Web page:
let a = document.querySelectorAll('div') a instanceOf NodeList //true let b = document.getElementsByTagName('div') b instanceOf HTMLCollection //true let c = $('div') c instanceOf jQuery // true let d = ['button1', 'button2', 'button3'].map(id => document.getElementById(id)); d instance of Array //true
This ends up mattering in practice because not every function that is available on Array is available on NodeList, HTMLCollections, and jQuery objects.
let ids = document.querySelectorAll('div').map(el => el.id) // Uncaught TypeError: document.querySelectorAll(...).map is not a function ids = document.getElementsByTagName('div').map(el => el.id) // Uncaught TypeError: document.getElementsByTagName(...).map is not a function let numDivs = $('div').reduce((count, el) => count + 1, 0); // Uncaught TypeError: $(...).reduce is not a function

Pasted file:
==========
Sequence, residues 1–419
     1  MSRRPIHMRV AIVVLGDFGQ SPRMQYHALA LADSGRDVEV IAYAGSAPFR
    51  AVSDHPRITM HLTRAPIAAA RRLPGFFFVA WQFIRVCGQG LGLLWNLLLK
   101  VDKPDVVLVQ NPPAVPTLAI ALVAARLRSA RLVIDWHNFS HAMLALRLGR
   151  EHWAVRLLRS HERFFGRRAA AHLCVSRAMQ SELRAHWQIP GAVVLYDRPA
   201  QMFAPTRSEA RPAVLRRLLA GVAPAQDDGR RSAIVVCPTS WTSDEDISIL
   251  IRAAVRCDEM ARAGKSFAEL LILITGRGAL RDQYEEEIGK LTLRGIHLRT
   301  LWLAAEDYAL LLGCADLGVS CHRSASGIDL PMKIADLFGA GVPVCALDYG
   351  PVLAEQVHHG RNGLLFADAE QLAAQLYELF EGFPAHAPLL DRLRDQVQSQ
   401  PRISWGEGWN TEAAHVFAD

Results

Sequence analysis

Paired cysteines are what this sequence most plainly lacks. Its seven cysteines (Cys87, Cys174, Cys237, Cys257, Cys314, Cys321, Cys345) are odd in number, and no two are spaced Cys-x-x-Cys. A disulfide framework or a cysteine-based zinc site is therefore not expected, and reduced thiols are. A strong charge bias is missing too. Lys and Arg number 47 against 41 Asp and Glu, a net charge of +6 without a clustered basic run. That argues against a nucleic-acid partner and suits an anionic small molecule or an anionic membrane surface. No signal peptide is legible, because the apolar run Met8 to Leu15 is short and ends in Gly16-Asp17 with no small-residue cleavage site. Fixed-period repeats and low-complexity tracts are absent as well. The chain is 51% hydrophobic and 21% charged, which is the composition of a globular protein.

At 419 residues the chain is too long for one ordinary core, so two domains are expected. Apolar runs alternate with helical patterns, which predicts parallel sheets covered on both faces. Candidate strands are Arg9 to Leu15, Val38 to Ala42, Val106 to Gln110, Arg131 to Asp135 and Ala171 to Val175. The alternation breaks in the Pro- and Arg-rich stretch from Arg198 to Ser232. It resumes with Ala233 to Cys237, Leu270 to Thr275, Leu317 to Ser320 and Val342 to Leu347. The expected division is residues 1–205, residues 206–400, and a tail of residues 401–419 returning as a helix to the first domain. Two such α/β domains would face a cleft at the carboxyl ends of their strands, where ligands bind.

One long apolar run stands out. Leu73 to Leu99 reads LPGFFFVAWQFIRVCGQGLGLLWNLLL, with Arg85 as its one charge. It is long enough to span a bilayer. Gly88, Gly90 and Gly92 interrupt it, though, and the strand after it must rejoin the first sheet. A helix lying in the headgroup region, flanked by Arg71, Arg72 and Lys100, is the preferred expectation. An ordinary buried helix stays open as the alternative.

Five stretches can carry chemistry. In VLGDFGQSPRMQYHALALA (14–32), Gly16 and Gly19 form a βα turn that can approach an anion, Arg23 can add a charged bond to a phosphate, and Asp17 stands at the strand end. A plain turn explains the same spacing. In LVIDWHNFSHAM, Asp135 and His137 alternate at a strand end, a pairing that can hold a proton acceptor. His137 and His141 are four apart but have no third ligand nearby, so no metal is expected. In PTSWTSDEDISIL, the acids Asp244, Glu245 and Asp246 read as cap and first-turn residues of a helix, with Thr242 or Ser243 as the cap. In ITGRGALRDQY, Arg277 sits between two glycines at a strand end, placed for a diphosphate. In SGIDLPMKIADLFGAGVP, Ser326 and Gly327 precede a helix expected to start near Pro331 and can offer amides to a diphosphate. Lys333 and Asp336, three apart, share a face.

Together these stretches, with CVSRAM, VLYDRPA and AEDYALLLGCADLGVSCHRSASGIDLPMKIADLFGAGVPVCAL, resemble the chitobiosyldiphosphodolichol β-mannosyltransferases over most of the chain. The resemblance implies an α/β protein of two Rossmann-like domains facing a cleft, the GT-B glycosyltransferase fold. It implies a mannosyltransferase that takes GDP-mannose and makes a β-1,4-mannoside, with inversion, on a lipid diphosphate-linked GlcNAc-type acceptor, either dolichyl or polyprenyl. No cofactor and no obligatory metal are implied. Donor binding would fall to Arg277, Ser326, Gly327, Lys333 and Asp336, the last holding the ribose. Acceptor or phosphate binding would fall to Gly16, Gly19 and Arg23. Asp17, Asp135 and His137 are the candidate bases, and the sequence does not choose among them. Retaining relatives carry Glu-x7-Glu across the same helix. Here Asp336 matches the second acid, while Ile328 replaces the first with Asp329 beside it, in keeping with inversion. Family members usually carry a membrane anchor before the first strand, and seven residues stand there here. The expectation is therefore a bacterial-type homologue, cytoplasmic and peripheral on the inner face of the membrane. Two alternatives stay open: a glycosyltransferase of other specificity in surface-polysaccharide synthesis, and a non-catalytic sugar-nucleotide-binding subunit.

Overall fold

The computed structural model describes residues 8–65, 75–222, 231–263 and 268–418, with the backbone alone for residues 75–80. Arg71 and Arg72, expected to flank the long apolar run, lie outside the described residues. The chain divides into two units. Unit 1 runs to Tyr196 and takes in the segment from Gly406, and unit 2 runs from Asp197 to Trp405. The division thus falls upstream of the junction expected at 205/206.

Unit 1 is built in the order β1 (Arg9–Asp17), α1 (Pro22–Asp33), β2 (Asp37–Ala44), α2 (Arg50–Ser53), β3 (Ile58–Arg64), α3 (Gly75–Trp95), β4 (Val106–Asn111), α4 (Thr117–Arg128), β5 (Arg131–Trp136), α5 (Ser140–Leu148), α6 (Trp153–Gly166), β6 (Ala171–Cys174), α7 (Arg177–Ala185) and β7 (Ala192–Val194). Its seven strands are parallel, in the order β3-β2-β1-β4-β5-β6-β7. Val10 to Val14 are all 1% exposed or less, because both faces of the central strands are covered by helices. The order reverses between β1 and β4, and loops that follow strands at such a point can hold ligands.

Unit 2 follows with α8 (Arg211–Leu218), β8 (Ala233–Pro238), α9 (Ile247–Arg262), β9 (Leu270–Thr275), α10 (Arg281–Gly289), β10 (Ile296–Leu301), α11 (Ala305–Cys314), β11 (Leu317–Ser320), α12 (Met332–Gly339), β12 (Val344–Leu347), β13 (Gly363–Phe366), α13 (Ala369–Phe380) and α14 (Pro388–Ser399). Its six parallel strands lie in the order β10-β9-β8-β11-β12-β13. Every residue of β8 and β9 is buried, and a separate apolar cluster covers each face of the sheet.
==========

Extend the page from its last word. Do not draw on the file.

Since we can't use native array methods on these alternate collections, we end up having to be very careful about knowing where we've retrieved data from, and how to convert those collections or how to work around their limitations.
It's useful to know about these distinctions, but in practice dealing with them is a pain. One of the nice properties of lodash is that it abstracts over these incompatibilities.
let ids = _.map(document.querySelectorAll('div'), el => el.id); // ['container', 'left-box', 'right-box'] ids = _.map(document.getElementssByTagName('div'), el => el.id); // ['container', 'left-box', 'right-box'] let numDivs = _.reduce($('div'), (count, el) => count + 1, 0)); // 3
For methods that iterate over a collection lodash treats all array-like objects (essentially anything with a length property) the same and iterates over their numerical properties from 0 to length-1. This provides a nice consistency when working with DOM APIs and removes the mental overhead from managing their inconsistencies.